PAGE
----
For those who have not been so fortunate, I reach out to you. We are not so different. I don’t completely understand the challenges you face. I won’t assume that I know what you are going through, or dish out a whole bunch of advice. I just want you to know that not everyone like me is judging you. You aren’t alone in your struggles. I’ve had a couple of friends who have gone through rehab and 12 step programs. I celebrate with them in their successes. I want them to know that even if they don’t trust me to confide in me when they relapse, that I am there for them at those times too.
I’ve been studying Carl Jung for a while. He was actually instrumental in founding Alcoholics Anonymous. He worked with many addicts, but found that there was little he could do for them. He met with a man named William Wilson about his severe alcohol addiction. He basically told him that his ailment was spiritual and that the only healing path for him was going to take the shape of a religious conversion. He and his drinking buddy who was in the process of undergoing such a religious conversion to treat his own alcoholism, founded Alcoholics Anonymous. Their twelve step program is designed to guide alcoholics on a spiritual recovery journey. They credit the insights of Carl Jung as a major influence on their program. It is difficult to fathom the good that AA has done for millions of addicts and their families around the world.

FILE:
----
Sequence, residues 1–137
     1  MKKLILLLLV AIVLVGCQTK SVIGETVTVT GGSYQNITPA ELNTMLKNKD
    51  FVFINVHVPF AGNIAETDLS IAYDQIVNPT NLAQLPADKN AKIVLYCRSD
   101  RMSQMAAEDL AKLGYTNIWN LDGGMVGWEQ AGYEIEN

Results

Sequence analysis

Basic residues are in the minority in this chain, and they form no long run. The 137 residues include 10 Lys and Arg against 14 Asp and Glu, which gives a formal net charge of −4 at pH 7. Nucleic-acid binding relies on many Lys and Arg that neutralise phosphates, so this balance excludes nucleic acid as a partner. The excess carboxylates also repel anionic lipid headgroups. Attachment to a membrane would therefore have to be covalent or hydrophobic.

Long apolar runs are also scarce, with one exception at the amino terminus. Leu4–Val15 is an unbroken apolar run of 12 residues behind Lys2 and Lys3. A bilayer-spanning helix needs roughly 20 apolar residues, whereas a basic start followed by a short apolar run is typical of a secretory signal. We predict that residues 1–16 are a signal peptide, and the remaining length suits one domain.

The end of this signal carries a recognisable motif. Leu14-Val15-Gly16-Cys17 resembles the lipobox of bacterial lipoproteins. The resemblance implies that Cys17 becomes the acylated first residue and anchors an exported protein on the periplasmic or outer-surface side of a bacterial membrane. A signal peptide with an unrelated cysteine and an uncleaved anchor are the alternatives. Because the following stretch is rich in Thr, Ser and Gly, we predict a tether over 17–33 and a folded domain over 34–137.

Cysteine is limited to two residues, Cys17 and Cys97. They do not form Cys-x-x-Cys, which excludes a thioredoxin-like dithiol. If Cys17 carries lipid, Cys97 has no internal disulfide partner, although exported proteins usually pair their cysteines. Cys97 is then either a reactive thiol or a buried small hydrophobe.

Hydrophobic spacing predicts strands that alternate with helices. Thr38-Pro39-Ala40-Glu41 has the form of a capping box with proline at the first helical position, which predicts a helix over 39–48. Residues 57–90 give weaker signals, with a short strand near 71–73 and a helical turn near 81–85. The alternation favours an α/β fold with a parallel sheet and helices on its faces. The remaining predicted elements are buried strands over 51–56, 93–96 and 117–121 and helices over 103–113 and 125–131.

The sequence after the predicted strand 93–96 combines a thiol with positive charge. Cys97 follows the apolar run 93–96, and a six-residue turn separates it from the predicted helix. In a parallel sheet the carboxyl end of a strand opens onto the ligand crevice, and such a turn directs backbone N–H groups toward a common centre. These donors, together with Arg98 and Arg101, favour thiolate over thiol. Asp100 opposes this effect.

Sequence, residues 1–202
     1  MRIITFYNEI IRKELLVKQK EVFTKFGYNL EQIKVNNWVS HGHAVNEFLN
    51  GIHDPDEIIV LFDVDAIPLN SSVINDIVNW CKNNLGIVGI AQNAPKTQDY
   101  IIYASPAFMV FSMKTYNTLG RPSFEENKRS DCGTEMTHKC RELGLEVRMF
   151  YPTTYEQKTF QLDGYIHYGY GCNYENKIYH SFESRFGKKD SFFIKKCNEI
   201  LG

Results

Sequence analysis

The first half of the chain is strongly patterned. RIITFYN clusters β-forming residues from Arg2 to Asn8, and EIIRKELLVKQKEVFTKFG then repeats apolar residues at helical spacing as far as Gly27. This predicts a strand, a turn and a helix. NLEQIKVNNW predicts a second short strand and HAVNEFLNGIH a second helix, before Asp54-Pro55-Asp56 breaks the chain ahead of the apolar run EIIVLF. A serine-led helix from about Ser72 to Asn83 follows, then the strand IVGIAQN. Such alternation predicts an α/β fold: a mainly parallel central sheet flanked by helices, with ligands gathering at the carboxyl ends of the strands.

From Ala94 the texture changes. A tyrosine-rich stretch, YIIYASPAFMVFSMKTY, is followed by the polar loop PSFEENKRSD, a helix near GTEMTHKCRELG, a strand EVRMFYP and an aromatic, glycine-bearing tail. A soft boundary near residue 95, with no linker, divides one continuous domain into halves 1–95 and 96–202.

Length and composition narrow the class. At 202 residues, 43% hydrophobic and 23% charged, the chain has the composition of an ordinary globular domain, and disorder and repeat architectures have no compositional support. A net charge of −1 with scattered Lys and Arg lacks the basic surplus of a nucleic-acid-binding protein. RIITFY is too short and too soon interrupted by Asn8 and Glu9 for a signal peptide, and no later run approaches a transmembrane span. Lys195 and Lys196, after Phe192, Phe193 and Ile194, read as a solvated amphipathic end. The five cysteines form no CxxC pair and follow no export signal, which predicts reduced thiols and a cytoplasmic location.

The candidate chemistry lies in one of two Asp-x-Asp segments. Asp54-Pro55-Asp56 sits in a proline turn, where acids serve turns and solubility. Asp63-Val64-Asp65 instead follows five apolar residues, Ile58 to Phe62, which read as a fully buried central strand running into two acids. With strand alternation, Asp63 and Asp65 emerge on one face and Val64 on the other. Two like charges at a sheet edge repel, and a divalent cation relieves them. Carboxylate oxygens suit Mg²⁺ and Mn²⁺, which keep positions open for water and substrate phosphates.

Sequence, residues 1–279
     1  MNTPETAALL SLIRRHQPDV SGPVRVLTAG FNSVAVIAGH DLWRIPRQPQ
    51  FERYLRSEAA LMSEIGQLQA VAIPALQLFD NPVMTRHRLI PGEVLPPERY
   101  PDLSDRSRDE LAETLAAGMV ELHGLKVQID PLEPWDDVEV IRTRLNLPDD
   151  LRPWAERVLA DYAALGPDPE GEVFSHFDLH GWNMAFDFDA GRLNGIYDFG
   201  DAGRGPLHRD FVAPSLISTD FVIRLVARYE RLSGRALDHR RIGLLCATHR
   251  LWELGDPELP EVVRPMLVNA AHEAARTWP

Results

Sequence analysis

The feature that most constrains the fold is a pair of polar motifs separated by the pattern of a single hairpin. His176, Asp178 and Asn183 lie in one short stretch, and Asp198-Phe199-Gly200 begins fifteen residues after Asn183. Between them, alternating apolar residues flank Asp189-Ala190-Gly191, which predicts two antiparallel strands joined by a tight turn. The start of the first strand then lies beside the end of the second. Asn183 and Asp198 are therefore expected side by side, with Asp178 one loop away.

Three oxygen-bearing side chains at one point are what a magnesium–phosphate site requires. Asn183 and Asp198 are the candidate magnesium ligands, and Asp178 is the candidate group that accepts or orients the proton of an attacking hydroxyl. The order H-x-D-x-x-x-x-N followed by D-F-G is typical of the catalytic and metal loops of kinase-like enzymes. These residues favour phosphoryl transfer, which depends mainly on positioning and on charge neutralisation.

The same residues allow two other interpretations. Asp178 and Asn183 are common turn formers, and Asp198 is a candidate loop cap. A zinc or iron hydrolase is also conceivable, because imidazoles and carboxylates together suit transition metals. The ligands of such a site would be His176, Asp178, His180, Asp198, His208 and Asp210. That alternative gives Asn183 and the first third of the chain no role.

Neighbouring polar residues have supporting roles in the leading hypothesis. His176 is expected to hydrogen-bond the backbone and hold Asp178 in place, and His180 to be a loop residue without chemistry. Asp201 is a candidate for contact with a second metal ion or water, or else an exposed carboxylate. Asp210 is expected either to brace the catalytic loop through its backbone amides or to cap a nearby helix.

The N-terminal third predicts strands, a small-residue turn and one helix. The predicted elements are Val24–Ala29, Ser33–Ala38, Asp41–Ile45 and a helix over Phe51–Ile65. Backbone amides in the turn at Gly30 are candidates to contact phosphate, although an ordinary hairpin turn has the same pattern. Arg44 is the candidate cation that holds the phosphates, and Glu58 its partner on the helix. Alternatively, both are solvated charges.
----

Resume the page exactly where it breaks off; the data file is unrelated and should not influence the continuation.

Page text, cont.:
“His craving for alcohol was the equivalent of … the spiritual thirst of our being for wholeness, expressed … as the union with God……….the evil principle prevailing in this world leads the unrecognized spiritual need into perdition, if it is not counteracted by a real religious insight (involving a personal and meaningful relationship with God)…… Alcohol in Latin is “spiritus” and you use the same word for the highest religious experience as well as for the most depraving poison. The helpful formula therefore is: spiritus contra spiritum.” (Fight spirit with spirit)
I have a dream of a day when people can speak openly in church about their struggles with addiction or the addictions of a loved one; that as Christians, we can suspend judgement, mourn with those that mourn, and help addicts and their families bare these crushing burdens. Families are warped and disfigured by addictions that are hidden. When addictions are seen and appropriate support given, healing is inevitable. When addictions are hidden and support withheld, the addiction cycle will continue to poison families for generations. I sense, as Jung did, that some of our most spiritually gifted people are chained by addictions; that if they were set free, we would see His power greatly magnified in them.
I send a prayer up for my young friend at Sundance. His hatred and hostility were born of his pain. I hope his rehab was successful. I hope that whatever his healing path looks like, that it leads to the Savior. I know that the Savior understands as I never will, the suffering that he has experienced in his life. I know that the Savior knows how to help him to find peace and happiness and a life he can be proud of. Blessed be the name of Him who is Mighty to Save!!